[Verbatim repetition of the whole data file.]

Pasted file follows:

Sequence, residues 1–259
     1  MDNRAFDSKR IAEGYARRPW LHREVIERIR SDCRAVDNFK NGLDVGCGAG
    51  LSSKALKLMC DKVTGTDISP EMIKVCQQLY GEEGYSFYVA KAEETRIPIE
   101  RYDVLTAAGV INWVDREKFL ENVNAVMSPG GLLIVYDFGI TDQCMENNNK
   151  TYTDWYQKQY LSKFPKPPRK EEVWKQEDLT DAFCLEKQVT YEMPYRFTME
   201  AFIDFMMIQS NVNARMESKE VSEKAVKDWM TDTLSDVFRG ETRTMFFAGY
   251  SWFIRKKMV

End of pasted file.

Sequence, residues 1–259
     1  MDNRAFDSKR IAEGYARRPW LHREVIERIR SDCRAVDNFK NGLDVGCGAG
    51  LSSKALKLMC DKVTGTDISP EMIKVCQQLY GEEGYSFYVA KAEETRIPIE
   101  RYDVLTAAGV INWVDREKFL ENVNAVMSPG GLLIVYDFGI TDQCMENNNK
   151  TYTDWYQKQY LSKFPKPPRK EEVWKQEDLT DAFCLEKQVT YEMPYRFTME
   201  AFIDFMMIQS NVNARMESKE VSEKAVKDWM TDTLSDVFRG ETRTMFFAGY
   251  SWFIRKKMV